A resolution encouraging breastfeeding, presented at the recent World Health Assembly, was passed and approved by hundreds of government delegates from different countries. However, it faced opposition from the United States, stunning members of the decision-making body of the World Health Organization (WHO).
According to a report by the The New York Times, the public health officials and foreign diplomats present expected the resolution to be approved quickly and with little resistance. But Ecuador, who was set to sponsor the resolution at the assemby, backed off.
The article in the New York Times said, “If Ecuador refused to drop the resolution, Washington would unleash punishing trade measures and withdraw crucial military aid. At least a dozen countries, most of them poor nations in Africa and Latin America, backed off, citing fears of retaliation.”
Patti Rundall, the policy director of the British advocacy group Baby Milk Action, told the newspaper, “What happened was tantamount to blackmail, with the U.S. holding the world hostage and trying to overturn nearly 40 years of consensus on the best way to protect infant and young child health.”
The American delegation wanted to have the phrase “protect, promote and support breastfeeding” removed from the resolution. It also did not like a passage that was aimed to restrict the promotion of food products that experts say may have ill-effects on children. As the report noted, the United States was “embracing the interests of infant formula manufacturers.”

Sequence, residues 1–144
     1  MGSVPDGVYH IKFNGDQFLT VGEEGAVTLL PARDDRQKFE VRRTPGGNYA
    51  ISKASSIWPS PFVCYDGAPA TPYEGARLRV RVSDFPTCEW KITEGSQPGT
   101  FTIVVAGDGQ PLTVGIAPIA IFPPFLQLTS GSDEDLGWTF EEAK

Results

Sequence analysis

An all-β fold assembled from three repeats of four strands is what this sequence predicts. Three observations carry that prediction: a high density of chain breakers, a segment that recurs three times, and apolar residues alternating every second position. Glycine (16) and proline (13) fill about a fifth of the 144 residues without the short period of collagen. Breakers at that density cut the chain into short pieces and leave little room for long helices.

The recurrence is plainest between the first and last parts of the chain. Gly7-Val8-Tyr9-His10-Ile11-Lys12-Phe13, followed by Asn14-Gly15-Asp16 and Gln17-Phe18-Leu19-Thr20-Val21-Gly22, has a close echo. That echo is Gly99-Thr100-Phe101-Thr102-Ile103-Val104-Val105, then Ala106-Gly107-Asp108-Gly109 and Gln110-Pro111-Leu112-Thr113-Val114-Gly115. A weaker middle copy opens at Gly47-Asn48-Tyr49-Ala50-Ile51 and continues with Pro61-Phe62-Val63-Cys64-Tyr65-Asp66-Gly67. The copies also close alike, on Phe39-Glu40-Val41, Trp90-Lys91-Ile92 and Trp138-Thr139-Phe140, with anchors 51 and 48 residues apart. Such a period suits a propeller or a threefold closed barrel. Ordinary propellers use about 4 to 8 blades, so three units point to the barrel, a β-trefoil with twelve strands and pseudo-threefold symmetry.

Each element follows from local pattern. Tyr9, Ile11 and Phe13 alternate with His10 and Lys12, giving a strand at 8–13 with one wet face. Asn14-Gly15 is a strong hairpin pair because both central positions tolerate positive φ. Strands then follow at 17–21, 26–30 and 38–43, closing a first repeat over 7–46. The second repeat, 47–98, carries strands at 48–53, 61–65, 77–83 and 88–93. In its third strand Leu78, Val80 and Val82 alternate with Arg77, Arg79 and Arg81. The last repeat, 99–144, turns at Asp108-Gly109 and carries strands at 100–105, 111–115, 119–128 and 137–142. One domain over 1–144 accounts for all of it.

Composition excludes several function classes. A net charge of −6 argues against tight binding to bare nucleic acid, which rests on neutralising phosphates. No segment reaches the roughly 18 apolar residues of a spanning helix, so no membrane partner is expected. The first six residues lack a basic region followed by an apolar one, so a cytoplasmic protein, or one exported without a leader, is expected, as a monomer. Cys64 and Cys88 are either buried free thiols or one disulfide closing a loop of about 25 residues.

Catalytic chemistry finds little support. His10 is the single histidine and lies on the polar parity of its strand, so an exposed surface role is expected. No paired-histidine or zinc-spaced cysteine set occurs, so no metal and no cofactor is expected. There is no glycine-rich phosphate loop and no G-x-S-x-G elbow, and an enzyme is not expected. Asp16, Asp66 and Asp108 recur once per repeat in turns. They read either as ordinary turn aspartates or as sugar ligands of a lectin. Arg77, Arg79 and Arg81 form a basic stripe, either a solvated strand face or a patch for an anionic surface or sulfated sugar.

In the end, it was Russia that stepped up to introduce the resolution and did not receive any threat. “In the end, the Americans’ efforts were mostly unsuccessful,” said The Times.
A Russian delegate, who asked to remain anonymous, told The Times, “We’re not trying to be a hero here, but we feel that it is wrong when a big country tries to push around some very small countries, especially on an issue that is really important for the rest of the world.”
WHO describes breastfeeding as the “an unequalled way of providing ideal food for the healthy growth and development of infants…Review of evidence has shown that, on a population basis, exclusive breastfeeding for 6 months is the optimal way of feeding infants.”
Breast milk offers babies the best start in life, and formula milk has nothing on it when it comes to cost, especially for poor nations. Lacking the proper nutrition during the first 1,000 days can cause cognitive delays, slow physical growth, and a weakened immune system.